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Pharmacogenetic Analysis of Lithium-induced Delayed Aging in Caenorhabditis elegans*

  • Gawain McColl
    Correspondence
    To whom correspondence should be addressed (present address): Mental Health Research Institute of Victoria, 155 Oak St, Parkville, Victoria 3052, Australia. Tel.: 61-3-9389-2971; Fax: 61-3-9380-6182
    Affiliations
    Buck Institute for Age Research, Novato, California 94945, the
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  • David W. Killilea
    Affiliations
    Nutrition and Metabolism Center, Children's Hospital Oakland Research Institute, Oakland, California 94609, and the
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  • Alan E. Hubbard
    Affiliations
    School of Public Health, University of California, Berkeley California 94720
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  • Maithili C. Vantipalli
    Affiliations
    Buck Institute for Age Research, Novato, California 94945, the
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  • Simon Melov
    Footnotes
    Affiliations
    Buck Institute for Age Research, Novato, California 94945, the
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  • Gordon J. Lithgow
    Footnotes
    Affiliations
    Buck Institute for Age Research, Novato, California 94945, the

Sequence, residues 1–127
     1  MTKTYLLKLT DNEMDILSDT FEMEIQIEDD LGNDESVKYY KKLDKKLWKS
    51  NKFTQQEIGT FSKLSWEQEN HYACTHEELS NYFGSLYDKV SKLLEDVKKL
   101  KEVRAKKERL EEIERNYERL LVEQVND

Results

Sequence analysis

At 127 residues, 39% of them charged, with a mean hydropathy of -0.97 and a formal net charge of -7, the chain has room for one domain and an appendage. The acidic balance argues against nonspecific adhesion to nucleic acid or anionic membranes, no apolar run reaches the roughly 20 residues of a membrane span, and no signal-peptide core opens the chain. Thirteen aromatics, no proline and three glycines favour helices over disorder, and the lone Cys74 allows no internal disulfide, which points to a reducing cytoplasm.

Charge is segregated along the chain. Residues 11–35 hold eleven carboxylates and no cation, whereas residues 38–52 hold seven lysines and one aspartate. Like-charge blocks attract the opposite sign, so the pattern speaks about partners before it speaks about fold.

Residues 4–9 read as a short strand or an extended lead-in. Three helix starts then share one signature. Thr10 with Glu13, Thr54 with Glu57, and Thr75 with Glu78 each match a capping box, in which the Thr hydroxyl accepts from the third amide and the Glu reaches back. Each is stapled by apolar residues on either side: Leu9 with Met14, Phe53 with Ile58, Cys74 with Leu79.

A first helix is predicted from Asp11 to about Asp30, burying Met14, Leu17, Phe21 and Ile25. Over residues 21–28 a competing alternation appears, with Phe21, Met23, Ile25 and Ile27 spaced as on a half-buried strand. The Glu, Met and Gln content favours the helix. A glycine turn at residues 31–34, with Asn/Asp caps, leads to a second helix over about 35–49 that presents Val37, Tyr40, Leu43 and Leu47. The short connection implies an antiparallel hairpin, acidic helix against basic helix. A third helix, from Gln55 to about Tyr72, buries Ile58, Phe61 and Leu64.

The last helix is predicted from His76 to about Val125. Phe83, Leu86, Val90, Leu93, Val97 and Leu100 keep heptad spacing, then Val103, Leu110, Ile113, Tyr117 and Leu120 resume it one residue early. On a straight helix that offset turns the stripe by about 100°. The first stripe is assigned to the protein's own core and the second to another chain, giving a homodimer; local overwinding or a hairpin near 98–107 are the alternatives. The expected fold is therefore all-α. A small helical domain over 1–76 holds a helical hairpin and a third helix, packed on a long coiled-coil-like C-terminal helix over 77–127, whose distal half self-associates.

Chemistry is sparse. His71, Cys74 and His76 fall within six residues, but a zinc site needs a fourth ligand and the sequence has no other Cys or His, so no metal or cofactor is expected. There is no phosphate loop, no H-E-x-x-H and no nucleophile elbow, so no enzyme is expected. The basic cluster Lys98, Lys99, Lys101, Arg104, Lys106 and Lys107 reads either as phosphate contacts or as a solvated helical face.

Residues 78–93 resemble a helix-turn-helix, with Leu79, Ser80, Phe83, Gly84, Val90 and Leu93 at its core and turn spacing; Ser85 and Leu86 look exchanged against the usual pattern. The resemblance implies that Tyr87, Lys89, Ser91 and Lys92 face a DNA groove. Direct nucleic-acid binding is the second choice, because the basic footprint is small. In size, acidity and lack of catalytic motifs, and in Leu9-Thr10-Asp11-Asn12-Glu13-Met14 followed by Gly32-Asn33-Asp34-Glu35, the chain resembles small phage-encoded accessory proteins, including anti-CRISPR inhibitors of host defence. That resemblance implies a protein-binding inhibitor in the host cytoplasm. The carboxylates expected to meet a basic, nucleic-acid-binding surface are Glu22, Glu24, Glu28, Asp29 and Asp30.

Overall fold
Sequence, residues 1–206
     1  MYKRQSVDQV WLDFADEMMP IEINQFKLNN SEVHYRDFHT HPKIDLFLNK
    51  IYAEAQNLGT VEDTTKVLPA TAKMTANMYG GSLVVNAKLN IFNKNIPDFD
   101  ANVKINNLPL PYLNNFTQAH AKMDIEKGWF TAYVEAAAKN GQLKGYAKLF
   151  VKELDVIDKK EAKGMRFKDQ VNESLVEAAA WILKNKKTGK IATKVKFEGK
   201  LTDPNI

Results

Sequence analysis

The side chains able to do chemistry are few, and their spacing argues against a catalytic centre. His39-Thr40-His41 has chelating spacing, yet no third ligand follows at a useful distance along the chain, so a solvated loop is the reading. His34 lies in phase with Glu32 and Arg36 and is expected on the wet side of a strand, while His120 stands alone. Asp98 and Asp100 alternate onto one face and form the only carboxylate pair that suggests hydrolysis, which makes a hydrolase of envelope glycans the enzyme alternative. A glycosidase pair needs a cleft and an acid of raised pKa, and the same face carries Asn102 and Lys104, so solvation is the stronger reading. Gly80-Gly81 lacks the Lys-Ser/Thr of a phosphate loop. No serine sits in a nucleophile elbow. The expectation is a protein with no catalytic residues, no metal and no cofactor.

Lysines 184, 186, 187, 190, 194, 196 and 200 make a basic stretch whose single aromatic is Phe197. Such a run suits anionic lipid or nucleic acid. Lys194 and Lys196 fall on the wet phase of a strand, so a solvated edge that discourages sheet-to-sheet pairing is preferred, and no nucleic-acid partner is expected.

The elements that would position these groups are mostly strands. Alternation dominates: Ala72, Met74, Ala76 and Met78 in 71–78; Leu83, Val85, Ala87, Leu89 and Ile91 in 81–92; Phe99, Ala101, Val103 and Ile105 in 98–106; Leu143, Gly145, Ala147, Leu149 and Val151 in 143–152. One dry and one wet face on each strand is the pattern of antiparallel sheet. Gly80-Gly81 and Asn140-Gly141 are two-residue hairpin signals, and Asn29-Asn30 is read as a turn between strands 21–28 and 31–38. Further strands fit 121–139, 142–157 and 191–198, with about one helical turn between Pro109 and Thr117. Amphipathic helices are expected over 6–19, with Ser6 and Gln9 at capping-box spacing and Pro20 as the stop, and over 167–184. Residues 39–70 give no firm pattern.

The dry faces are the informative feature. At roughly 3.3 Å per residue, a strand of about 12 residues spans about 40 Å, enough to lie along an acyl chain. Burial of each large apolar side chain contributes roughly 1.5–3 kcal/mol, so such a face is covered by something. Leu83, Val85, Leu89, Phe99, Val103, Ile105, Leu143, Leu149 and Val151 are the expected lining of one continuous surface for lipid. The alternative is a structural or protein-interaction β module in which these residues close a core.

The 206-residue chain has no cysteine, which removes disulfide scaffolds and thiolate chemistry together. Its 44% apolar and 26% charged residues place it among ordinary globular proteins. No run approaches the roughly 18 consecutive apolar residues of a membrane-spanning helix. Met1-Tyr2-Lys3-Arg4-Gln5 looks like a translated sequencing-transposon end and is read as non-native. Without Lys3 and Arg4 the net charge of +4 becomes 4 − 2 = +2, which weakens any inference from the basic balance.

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  • Author Footnotes
    * All microarray data are available in Gene Expression Omnibus under accession number GSE8058. Gene expression studies were facilitated by a Nathan Shock award (P30AG025708). All other nematode strains were obtained from the Caenorhabditis Genetics Center, funded by the National Institutes of Health (NIH) National Center for Research Resources. The costs of publication of this article were defrayed in part by the payment of page charges. This article must therefore be hereby marked “advertisement” in accordance with 18 U.S.C. Section 1734 solely to indicate this fact.
    The on-line version of this article (available at http://www.jbc.org) contains supplemental “Experimental Procedures,” Figs. S1 and S2, and Tables S1–S5.
    2 Supported by the Ellison Medical Research Foundation and NIH Grants AG24385 and AG18679.
    3 Supported by NIH Grants AG21069, AG22868, and NS050789-01, the Ellison Medical Resarch Foundation, the Glenn Foundation for Medical Research, the American Federation for Aging Research, the Larry L. Hillblom Foundation, and the Herbert Simon Family Medical Foundation.
Open AccessPublished:October 24, 2007DOI:https://doi.org/10.1074/jbc.M705028200